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Cell Rep. 2019 Jan 22;26(4):825-835.e7. doi: 10.1016/j.celrep.2018.12.107.

Neurons with Complex Karyotypes Are Rare in Aged Human Neocortex.

Author information

1
Department of Biochemistry and Molecular Genetics, University of Virginia School of Medicine, Charlottesville, VA 22908, USA.
2
Department of Biochemistry and Molecular Genetics, University of Virginia School of Medicine, Charlottesville, VA 22908, USA; Universidad San Sebastian, Escuela de Medicina, Sede de la Patagonia, Puerto Montt, Chile.
3
Lieber Institute for Brain Development, Johns Hopkins University School of Medicine, Baltimore, MD 21205, USA; Department of Psychiatry, Johns Hopkins University School of Medicine, Baltimore, MD 21205, USA.
4
Lieber Institute for Brain Development, Johns Hopkins University School of Medicine, Baltimore, MD 21205, USA; Department of Psychiatry, Johns Hopkins University School of Medicine, Baltimore, MD 21205, USA; Department of Neurology, Johns Hopkins University School of Medicine, Baltimore, MD 21205, USA.
5
Lieber Institute for Brain Development, Johns Hopkins University School of Medicine, Baltimore, MD 21205, USA; Department of Psychiatry, Johns Hopkins University School of Medicine, Baltimore, MD 21205, USA; Department of Neurology, Johns Hopkins University School of Medicine, Baltimore, MD 21205, USA; Department of Neuroscience, Johns Hopkins University School of Medicine, Baltimore, MD 21205, USA; McKusick-Nathans Institute of Genetic Medicine, Johns Hopkins University School of Medicine, Baltimore, MD 21205, USA.
6
Department of Biochemistry and Molecular Genetics, University of Virginia School of Medicine, Charlottesville, VA 22908, USA; Center for Public Health Genomics, University of Virginia School of Medicine, Charlottesville, VA 22908, USA.
7
Department of Biochemistry and Molecular Genetics, University of Virginia School of Medicine, Charlottesville, VA 22908, USA; Department of Neuroscience, University of Virginia School of Medicine, Charlottesville, VA 22908, USA; Center for Public Health Genomics, University of Virginia School of Medicine, Charlottesville, VA 22908, USA; Center for Brain Immunology and Glia, University of Virginia School of Medicine, Charlottesville, VA 22908, USA; Child Health Research Center, University of Virginia School of Medicine, Charlottesville, VA 22908, USA. Electronic address: mikemc@virginia.edu.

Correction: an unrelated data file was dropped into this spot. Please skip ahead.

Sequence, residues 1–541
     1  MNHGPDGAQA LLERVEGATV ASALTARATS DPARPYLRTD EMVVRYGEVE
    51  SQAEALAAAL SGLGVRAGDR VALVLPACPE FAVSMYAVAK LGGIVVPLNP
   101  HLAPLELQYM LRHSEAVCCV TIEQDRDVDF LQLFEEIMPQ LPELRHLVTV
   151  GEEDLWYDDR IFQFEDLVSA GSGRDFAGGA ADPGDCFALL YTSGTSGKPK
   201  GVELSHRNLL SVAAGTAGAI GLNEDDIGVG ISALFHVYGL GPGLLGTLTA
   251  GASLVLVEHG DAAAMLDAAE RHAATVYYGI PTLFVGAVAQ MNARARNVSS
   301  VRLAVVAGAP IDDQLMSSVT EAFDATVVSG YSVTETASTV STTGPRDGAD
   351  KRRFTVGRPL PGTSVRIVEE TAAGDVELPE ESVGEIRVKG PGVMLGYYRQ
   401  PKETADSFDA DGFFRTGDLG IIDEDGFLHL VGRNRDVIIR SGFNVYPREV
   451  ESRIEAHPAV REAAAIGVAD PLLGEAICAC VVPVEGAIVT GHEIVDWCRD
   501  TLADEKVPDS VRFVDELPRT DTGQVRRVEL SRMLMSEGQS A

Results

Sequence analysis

Abstract

A subset of human neocortical neurons harbors complex karyotypes wherein megabase-scale copy-number variants (CNVs) alter allelic diversity. Divergent levels of neurons with complex karyotypes (CNV neurons) are reported in different individuals, yet genome-wide and familial studies implicitly assume a single brain genome when assessing the genetic risk architecture of neurological disease. We assembled a brain CNV atlas using a robust computational approach applied to a new dataset (>800 neurons from 5 neurotypical individuals) and to published data from 10 additional neurotypical individuals. The atlas reveals that the frequency of neocortical neurons with complex karyotypes varies widely among individuals, but this variability is not readily accounted for by tissue quality or CNV detection approach. Rather, the age of the individual is anti-correlated with CNV neuron frequency. Fewer CNV neurons are observed in aged individuals than in young individuals.

PMID:
30673605
DOI:
10.1016/j.celrep.2018.12.107
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